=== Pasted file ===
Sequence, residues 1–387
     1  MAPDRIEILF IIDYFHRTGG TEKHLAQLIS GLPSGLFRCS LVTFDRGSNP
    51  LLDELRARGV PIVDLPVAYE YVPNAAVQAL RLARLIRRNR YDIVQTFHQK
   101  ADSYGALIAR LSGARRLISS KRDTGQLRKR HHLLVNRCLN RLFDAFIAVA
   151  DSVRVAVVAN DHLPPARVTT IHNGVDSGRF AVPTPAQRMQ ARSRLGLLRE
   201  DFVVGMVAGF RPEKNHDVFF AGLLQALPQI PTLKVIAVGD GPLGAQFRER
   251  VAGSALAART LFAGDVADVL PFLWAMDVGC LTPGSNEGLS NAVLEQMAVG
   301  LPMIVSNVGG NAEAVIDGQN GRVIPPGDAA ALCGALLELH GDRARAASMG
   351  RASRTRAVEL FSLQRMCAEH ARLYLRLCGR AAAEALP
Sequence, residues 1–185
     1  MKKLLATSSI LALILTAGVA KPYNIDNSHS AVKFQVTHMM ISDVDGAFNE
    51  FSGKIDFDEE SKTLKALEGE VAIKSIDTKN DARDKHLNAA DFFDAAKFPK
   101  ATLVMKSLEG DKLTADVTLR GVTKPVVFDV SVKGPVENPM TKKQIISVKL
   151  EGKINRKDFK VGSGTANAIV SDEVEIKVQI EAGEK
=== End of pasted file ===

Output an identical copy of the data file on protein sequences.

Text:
Sequence, residues 1–387
     1  MAPDRIEILF IIDYFHRTGG TEKHLAQLIS GLPSGLFRCS LVTFDRGSNP
    51  LLDELRARGV PIVDLPVAYE YVPNAAVQAL RLARLIRRNR YDIVQTFHQK
   101  ADSYGALIAR LSGARRLISS KRDTGQLRKR HHLLVNRCLN RLFDAFIAVA
   151  DSVRVAVVAN DHLPPARVTT IHNGVDSGRF AVPTPAQRMQ ARSRLGLLRE
   201  DFVVGMVAGF RPEKNHDVFF AGLLQALPQI PTLKVIAVGD GPLGAQFRER
   251  VAGSALAART LFAGDVADVL PFLWAMDVGC LTPGSNEGLS NAVLEQMAVG
   301  LPMIVSNVGG NAEAVIDGQN GRVIPPGDAA ALCGALLELH GDRARAASMG
   351  RASRTRAVEL FSLQRMCAEH ARLYLRLCGR AAAEALP
Sequence, residues 1–185
     1  MKKLLATSSI LALILTAGVA KPYNIDNSHS AVKFQVTHMM ISDVDGAFNE
    51  FSGKIDFDEE SKTLKALEGE VAIKSIDTKN DARDKHLNAA DFFDAAKFPK
   101  ATLVMKSLEG DKLTADVTLR GVTKPVVFDV SVKGPVENPM TKKQIISVKL
   151  EGKINRKDFK VGSGTANAIV SDEVEIKVQI EAGEK